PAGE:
1991 - Edgewater Beach

1991 Fall Tour of Homes
Edgewater Beach
September 15, 1991

Welcome to the Third Annual Edgewater Historical Society Home Tour

Editor’s note: To respect the privacy of the homeowners while making the historical information available for research, most names and street addresses have been removed from the online version of the “tour booklet.” The original printed booklets are all available at the Edgewater Historical Society Museum.

Images and text for this online “tour booklet” were copied from the printed booklet. Copyright © 1991 Edgewater Historical Society.

For individual home descriptions, select an address at the left.

Edgewater Beach

In 1886, John Lewis Cochran, a tobacco salesman from Philadelphia, began to purchase land along the lakeshore north from Foster Avenue. His vision was of a planned residential suburb he called Edgewater.

Among the keys to his development were improvements such as macadam streets, wide lots, sewers, sidewalks, trees and electric power. He offered no interest loans and advertised this community in the newspaper. He maintained an office at the Edgewater (now Bryn Mawr) station, and downtown.

Cochran developed Edgewater in stages: the first being Foster to Bryn Mawr; the second, Bryn Mawr to Thorndale; the third, Thorndale to Devon. At first, homes were mostly shingle and wood construction. Cochran’s first architect was Joseph Lyman Silsbee. He was replaced by George Washington Maher, who apprenticed with Silsbee. Maher’s style was influenced by prairie designs and the homes he built later reflect this. Two Maher structures are on the tour. Other architects working in the area include J.E.O. Pridmore, who lived on Winthrop, Julius Huber, who lived on Lakewood, Neils Buck, who lived on Kenmore, Myron Church and William C. Zimmerman. There are two Zimmerman buildings and one Pridmore building on our tour.

Cochran created a commercial area on Bryn Mawr and built the Guild Hall at the corner of Winthrop and Bryn Mawr as a meeting place, business office and center of the community. Several area churches used this hall as a meeting place before building their own churches. The Church of the Atonement, the starting point of our tour, began meeting at the Guild Hall in 1888.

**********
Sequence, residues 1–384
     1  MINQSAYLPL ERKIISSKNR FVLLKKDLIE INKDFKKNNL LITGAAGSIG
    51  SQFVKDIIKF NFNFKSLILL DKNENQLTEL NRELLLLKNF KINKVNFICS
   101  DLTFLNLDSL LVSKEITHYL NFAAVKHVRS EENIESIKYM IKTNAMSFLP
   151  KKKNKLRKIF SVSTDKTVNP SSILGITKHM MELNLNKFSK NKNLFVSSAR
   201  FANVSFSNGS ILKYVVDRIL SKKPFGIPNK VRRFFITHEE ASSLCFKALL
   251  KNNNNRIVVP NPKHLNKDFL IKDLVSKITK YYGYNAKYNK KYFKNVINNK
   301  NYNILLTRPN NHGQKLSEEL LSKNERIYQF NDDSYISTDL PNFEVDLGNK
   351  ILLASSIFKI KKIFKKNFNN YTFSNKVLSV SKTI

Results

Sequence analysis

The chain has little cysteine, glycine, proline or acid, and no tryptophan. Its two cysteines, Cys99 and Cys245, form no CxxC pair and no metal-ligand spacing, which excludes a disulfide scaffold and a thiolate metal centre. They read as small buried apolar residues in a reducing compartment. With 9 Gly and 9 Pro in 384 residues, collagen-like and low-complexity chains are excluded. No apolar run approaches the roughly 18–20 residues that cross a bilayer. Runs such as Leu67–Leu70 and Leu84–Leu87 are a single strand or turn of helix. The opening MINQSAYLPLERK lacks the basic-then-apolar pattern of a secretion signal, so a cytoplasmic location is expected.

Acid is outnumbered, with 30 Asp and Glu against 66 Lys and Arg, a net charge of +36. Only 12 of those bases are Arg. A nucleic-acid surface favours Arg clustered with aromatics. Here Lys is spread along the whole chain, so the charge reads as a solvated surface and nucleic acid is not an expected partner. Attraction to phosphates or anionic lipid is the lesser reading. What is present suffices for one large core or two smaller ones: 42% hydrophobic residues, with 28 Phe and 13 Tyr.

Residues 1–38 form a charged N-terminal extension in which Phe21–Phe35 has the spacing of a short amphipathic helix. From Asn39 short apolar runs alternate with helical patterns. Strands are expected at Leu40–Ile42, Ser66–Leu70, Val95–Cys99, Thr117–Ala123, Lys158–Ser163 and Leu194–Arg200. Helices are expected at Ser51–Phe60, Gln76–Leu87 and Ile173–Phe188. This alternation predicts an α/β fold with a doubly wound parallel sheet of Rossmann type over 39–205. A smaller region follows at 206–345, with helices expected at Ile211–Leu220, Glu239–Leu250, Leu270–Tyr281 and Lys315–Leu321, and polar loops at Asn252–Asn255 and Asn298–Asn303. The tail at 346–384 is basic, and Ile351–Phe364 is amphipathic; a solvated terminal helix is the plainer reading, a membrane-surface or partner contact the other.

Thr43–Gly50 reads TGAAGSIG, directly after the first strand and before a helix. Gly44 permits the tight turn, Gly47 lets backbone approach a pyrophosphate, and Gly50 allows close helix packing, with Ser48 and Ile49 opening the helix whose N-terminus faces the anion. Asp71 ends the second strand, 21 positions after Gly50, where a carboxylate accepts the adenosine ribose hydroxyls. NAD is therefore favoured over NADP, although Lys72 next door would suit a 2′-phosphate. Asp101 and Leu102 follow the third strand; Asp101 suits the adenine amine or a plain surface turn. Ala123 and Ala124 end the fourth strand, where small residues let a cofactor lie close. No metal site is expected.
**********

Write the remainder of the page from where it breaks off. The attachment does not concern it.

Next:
As you visit the homes on this tour, you will travel through an area which was planned over 100 years ago. Some of the original limestone sidewalks are still in place. A 1901 map of Cochran’s development is on display at the North Lakeside Cultural Center. It shows the lots that had been sold. Years later, many of the older homes were torn down and replaced with brick apartment buildings because home owners could not afford the upkeep and servants needed to maintain these homes. However, the lakeshore in Edgewater always had a strong appeal as a residential area because of access to the lake and transportation.

In 1916, when much of the area was built up, the Connery Brothers opened the Edgewater Beach Hotel at Berwyn and Sheridan. That hotel was built after Sheridan Road was connected from Foster to Bryn Mawr; before that, the road along the shoreline was called Sheffield. The hotel provided a focal point for many activities in the community.

The Edgewater Beach Hotel took it’s name from the residential community that John Lewis Cochran developed. Now, In 1991, the entire stretch of shoreline from Foster to Devon is called the “Edgewater Beach Neighborhood.”

The suburban exodus began following WWII and Edgewater lost 10,000 in population. The few mansions along Sheridan Road that were owned by families were sold and converted to a variety of uses. As developers with ideas for high-rises appeared, the remaining community could not prevent the drastic changes to come. First high-rises, then condominiums, were built along the shore. Other developers built four-plus-ones on the neighborhood streets to the west. All this construction increased the population along the shoreline by 10,000 in 1960. As you walk these streets, you will see an incredible mixture of housing, old and new, single family, flats, apartment hotels and high-rises. We hope you enjoy this mixture and the tour which takes you from 1895 to the present.